The senior in-house executives and major law firm partners who attended the eventwere eager to analyze the developments of the last few years regarding sexual harassment. Though there may be more public attention on the matter today, participants pointed out that real change lags behind. Dramatic firings like those of Harvey Weinstein and Matt Lauer are the exception, not the rule. Roundtable attendees described how most women — especially women of color or of lower socioeconomic status — still feel unsafe speaking out. Several in the room had personally experienced the negative consequences of reporting harassment. One partner who handles high profile investigations noted, “people don’t trust the system for a reason.”
Lawyers Can Make a Difference
What steps can lawyers and corporations take to repair this broken trust? Employees may view in-house counsel with suspicion, knowing that the lawyers’ first priority is to “protect the company.” However, Curran asked participants to question what such protection really means. In the long term, a corporation that allows or enables harassment puts its own reputation at risk, with the potential for severe financial consequences. It is up to lawyers to show board members and executives that solving harassment issues is in the company’s best interest. This strategy may be easier for outside counsel, who as a neutral party have more credibility, but outside and in-house counsel can work together to ensure that harassment is appropriately handled. Several law firm partners shared their experiences of speaking truth to boards even if their in-house counterpart would or could not.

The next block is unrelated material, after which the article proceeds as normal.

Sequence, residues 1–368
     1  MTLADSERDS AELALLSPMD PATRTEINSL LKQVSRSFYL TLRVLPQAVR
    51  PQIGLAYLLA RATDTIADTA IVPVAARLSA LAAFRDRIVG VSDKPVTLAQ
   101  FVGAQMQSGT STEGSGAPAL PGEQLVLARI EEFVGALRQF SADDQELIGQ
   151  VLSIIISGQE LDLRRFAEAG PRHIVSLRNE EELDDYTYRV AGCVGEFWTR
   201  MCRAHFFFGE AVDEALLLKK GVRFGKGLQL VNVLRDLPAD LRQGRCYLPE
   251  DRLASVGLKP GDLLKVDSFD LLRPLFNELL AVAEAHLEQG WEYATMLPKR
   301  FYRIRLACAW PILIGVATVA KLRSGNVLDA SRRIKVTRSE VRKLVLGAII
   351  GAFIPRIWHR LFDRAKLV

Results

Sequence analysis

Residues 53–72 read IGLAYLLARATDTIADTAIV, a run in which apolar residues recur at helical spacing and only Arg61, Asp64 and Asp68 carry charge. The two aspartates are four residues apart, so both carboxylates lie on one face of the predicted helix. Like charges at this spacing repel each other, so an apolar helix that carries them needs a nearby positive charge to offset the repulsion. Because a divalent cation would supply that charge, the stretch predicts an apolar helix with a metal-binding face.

Roundtable participants also highlighted how a company’s culture can inhibit or facilitate harassment, with culture stemming from those in positions of power. If the “tone at the top” is disrespectful toward women, harassment is more likely to be found throughout the organization. On the other hand, one General Counsel described an executive who travels to each of his company’s offices and personally leads integrity and inclusivity trainings. His commitment to creating a welcoming work environment reverberates throughout his company’s culture.